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France, US Consider Changes in Lebanon Resolution


France and the United States are revising their proposal for ending the Israeli-Hezbollah conflict, and diplomats say the work is likely to delay a vote by the U.N. Security Council.

Differences between the two countries emerged after an Arab League delegation argued on Tuesday that the Security Council should call for both an immediate cease-fire and the withdrawal of Israeli troops from Lebanon.

Wednesday, French President Jacques Chirac said the United States is resisting some Arab proposals. He added that giving up on a cease-fire resolution would be immoral.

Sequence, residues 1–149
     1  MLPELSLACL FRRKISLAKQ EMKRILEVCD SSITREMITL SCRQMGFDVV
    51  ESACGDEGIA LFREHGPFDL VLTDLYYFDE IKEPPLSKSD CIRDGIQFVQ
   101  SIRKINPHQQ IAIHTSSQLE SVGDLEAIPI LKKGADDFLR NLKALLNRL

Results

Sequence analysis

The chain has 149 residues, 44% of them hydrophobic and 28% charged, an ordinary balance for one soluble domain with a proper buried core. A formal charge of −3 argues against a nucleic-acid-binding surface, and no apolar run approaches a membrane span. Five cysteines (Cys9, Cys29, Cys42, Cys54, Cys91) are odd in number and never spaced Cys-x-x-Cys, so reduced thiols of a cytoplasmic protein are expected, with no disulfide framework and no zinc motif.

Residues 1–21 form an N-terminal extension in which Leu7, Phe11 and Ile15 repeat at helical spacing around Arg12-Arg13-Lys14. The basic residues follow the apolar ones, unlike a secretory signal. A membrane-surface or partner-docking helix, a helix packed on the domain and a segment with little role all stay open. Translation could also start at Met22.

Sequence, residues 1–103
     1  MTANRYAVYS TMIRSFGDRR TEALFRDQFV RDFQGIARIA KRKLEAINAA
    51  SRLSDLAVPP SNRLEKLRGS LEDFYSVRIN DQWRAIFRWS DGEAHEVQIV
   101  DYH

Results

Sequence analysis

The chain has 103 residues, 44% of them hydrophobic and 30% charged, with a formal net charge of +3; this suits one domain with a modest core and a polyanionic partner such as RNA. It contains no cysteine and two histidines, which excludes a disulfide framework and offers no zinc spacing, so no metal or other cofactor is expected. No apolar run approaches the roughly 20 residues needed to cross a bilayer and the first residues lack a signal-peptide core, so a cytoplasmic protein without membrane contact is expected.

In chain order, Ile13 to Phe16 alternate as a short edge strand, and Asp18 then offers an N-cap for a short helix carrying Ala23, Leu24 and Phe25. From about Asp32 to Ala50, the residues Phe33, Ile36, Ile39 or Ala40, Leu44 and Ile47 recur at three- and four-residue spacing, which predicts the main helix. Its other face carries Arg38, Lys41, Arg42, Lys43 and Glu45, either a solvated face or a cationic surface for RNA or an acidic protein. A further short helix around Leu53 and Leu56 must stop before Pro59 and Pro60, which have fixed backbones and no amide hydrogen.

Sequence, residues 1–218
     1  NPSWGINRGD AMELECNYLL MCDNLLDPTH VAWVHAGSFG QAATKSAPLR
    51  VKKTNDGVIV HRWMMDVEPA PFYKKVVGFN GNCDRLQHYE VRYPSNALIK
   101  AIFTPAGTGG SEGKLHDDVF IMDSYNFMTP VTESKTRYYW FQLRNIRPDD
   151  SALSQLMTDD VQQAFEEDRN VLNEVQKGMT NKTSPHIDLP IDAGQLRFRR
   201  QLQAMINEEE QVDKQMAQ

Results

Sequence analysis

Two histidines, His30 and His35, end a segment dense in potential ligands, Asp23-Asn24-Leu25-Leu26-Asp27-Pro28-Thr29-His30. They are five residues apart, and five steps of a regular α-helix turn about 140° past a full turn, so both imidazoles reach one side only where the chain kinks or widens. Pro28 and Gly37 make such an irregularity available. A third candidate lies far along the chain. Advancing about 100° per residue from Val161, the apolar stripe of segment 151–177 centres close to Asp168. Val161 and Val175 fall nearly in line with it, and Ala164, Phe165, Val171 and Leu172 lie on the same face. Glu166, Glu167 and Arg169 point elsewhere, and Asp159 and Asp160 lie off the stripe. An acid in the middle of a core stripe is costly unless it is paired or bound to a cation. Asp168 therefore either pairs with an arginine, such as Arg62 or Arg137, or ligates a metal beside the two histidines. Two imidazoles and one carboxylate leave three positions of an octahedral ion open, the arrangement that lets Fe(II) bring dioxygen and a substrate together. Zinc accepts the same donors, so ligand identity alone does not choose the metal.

France is in favor of accommodating some Arab demands.

Also Wednesday, a senior Russian official said Moscow supports a Lebanese proposal to send 15,000 Lebanese troops to the border area with Israel.

Israel says it will only withdraw from Lebanon when a robust international force is in place.

In Beirut, U.S. Assistant Secretary of State David Welch met with Lebanese Prime Minister Fuad Siniora Wednesday. After the meeting, Mr. Siniora told reporters there has been no progress on reaching a cease-fire.

At the United Nations, Qatar's foreign minister told the Security Council Tuesday that adoption of a non-enforceable resolution would have, in his words, "grave ramifications" throughout the region.

Some information for this report was provided by AFP.

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